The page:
Over 70 percent of Polish are women financially independent - study

Up to 71 percent of Polish women consider themselves financially independent while another 40 percent have their own savings, according to new research.

The study by bank Credit Agricole, conducted jointly with the Ariadna research organisation, also revealed that 84 percent of the female respondents did not feel controlled by their partner when it came to spending, while 6 percent said they always had to ask their partner for money.

Nearly half (48 percent) of the women share a budget with their partner through which all expenses are financed.

Outside the common budget, 23 percent have funds to finance their own needs.

The survey also found that women, by themselves, supervise the domestic budget in 52 percent of households, and in 32 percent of the cases they do it together with their partner.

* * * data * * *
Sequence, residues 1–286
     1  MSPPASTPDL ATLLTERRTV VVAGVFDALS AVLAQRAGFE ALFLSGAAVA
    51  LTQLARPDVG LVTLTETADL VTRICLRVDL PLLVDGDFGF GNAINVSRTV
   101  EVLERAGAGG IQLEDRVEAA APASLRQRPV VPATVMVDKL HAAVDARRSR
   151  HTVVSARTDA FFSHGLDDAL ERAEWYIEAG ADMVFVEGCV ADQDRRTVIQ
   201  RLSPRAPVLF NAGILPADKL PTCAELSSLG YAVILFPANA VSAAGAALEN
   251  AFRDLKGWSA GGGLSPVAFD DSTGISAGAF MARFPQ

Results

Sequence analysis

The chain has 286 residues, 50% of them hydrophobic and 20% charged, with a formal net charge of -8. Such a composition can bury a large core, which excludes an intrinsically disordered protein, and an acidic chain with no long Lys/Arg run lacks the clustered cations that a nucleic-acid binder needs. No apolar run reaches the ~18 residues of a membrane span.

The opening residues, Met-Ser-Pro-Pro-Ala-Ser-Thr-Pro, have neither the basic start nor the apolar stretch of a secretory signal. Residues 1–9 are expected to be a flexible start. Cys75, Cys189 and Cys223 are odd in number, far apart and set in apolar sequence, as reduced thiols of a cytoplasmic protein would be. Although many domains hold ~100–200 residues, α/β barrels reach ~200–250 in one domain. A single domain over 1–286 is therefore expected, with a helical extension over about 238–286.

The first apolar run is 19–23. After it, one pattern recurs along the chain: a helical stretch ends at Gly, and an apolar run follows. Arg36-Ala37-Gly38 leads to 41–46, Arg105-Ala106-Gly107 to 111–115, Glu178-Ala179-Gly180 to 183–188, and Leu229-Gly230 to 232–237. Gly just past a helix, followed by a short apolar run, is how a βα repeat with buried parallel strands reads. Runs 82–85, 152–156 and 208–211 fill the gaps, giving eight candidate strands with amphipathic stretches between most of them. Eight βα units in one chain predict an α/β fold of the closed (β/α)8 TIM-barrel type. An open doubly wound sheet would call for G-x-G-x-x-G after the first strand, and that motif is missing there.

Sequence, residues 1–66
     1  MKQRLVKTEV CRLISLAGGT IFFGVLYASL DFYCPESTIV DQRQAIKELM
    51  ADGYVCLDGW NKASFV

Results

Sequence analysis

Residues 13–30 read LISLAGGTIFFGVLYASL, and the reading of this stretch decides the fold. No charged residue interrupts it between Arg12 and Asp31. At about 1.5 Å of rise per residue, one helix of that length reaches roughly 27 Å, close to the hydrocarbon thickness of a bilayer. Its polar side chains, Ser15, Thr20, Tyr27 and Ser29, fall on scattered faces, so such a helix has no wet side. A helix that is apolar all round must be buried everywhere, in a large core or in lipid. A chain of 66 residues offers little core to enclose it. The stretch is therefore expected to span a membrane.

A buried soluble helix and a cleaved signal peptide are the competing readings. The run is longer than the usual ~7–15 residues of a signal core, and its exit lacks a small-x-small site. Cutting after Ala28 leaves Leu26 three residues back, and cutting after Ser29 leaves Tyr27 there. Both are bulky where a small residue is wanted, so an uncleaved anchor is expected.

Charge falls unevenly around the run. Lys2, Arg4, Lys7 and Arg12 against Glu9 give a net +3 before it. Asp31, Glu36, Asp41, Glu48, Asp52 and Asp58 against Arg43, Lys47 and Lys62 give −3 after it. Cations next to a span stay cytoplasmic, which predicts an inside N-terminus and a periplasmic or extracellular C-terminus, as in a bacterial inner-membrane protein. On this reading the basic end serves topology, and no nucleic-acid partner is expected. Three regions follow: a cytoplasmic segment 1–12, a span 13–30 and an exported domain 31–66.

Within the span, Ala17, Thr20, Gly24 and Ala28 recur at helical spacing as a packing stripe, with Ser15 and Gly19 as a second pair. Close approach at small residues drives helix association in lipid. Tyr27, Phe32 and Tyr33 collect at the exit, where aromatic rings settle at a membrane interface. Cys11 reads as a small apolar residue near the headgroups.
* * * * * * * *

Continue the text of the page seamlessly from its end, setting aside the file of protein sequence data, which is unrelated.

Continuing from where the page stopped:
"Money is not a taboo subject in 90 percent of households and the vast majority of Poles--78 percent--do not have any arguments about spending money," the study also found.

Up to 80 percent of Polish women are able to save money and, of those, 42 percent do it "regularly" and 38 percent "occasionally."

But only 20 percent have put money aside for "a rainy day" and 11 percent for their children's future.

Polish women also save money to finance larger current expenses, such as home renovations (17 percent), holidays (16 percent) or the purchase of a car (9 percent), the study found.